Murdoch's empire: purging the officers
The politicians resent Rupert Murdoch's power via News Corp's many tentacles and they are putting the boot in now one of his papers has been exposed as having phone hacked on a near industrial scale. In a desperate and perhaps cynical ploy to maintain overall corporate respectability and to quarantine losses and stem credibility evaporation Murdoch has closed the 'News of the World' title - and sacked all the staff. His son is in charge of British operations and made the cuts, but they have protected the editor behind the scandal who must have, surely, authorised aspects of the hacking. Rupert made a public display of backing her. Now - a week after it broke and after numerous sacrifices of the innocents on the newsfloor - she may be about to have the book thrown at her.
The British media are going into hyper-drive with this news - a real feeding frenzy with this fresh meat on the plate. They hate Murdoch almost as much as the politicians fear and resent him.The Guardian: "At approximately 12.00 a 43-year-old woman was arrested by appointment at a London police station by officers from Operation Weeting [phone hacking investigation] together with officers from Operation Elveden [bribing of police officers investigation]. She is currently in custody.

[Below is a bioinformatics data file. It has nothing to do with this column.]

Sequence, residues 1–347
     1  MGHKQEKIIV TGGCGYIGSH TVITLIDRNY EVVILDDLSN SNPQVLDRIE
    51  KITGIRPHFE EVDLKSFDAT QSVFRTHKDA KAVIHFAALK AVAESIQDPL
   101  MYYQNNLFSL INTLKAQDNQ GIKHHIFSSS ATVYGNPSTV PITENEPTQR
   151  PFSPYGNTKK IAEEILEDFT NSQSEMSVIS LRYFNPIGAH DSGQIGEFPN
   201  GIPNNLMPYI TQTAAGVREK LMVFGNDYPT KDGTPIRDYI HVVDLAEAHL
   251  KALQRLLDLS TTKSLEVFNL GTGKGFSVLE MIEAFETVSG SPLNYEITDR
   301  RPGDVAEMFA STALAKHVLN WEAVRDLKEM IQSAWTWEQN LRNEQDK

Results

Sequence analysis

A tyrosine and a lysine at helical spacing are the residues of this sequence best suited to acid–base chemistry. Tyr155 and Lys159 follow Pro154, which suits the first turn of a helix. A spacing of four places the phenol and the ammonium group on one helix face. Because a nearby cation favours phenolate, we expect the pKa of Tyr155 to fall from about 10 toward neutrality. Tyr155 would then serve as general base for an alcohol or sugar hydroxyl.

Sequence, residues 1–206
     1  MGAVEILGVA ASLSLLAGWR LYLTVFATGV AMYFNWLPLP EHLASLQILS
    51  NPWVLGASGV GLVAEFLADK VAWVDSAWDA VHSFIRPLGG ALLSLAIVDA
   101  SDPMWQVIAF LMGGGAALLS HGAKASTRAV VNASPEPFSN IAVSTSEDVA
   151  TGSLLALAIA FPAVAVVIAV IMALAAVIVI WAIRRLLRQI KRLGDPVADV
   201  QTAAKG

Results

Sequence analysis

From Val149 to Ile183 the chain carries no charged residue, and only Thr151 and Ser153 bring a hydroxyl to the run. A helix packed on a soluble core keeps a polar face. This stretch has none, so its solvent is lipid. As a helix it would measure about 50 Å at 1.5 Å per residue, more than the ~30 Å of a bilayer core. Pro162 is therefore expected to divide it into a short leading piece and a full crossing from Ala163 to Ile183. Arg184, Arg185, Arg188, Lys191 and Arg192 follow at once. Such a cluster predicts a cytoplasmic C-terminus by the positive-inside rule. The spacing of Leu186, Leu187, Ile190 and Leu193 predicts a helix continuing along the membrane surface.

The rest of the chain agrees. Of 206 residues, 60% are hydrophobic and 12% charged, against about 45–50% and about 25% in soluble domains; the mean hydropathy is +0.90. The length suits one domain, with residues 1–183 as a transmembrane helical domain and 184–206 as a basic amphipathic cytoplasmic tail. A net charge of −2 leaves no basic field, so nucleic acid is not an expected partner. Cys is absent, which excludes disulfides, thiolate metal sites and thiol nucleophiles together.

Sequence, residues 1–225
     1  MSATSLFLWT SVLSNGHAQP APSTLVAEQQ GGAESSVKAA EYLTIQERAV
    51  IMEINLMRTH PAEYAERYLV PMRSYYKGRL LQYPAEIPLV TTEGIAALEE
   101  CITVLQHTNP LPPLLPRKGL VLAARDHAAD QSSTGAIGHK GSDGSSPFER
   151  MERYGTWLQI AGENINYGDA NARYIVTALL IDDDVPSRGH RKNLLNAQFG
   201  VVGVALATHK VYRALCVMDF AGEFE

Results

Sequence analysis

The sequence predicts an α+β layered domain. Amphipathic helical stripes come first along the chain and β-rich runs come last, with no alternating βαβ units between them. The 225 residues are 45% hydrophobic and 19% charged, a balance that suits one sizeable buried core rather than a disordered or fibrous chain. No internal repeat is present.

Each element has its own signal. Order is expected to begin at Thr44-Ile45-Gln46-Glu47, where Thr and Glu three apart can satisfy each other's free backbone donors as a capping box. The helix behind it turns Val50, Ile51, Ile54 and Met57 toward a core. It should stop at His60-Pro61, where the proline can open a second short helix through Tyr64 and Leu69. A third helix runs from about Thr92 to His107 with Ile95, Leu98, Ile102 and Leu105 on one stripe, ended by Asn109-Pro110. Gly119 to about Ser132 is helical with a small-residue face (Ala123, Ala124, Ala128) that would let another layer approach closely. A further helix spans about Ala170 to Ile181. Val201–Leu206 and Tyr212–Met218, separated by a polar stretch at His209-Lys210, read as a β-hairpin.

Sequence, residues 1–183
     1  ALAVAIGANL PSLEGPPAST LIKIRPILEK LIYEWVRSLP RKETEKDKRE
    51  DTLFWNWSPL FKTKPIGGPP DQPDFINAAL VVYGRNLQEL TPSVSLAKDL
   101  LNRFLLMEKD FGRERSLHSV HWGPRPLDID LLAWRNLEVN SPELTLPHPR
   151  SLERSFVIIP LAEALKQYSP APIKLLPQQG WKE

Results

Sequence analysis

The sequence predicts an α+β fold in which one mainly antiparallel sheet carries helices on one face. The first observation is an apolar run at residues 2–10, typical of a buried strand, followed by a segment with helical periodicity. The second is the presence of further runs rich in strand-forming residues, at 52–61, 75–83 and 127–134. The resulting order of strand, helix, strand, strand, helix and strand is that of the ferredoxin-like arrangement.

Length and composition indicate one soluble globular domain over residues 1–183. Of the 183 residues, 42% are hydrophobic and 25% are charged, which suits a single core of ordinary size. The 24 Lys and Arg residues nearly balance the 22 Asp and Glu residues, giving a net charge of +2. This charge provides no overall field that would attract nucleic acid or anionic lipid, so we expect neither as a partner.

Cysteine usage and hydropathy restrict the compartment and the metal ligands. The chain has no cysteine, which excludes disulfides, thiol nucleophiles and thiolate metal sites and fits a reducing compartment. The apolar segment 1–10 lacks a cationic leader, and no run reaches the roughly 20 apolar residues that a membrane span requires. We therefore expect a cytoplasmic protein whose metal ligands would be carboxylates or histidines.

"She was arrested on suspicion of conspiring to intercept communications, contrary to Section1(1) Criminal Law Act 1977 and on suspicion of corruption allegations contrary to Section 1 of the Prevention of Corruption Act 1906.
"The Operation Weeting team is conducting the new investigation into phone hacking.
"Operation Elveden is the investigation into allegations of inappropriate payments to police. This investigation is being supervised by the Independent Police Complaints Commission.
"It would be inappropriate to discuss any further details regarding these cases at this time."
Bribing some coppers for phone numbers - and some tip offs or whatever. Doesn't sound like 'The end of the world' but with the spin of all Murdoch's corporate and political rivals against him it seems to be. His shares have tanked in this crisis and the volumes have been high, so people are bailing.But Murdoch wants to live forever and he won't go down easy, or at all. I can't imagine he could ever break up what he has amassed over his decades at the helm. I think it will stay together and he'll resist the political pressure to get him out of his dominant positions in the many markets he is in (incl. Sky here) but this is one hell of a bad day at the office and a hell of a week to look forward to.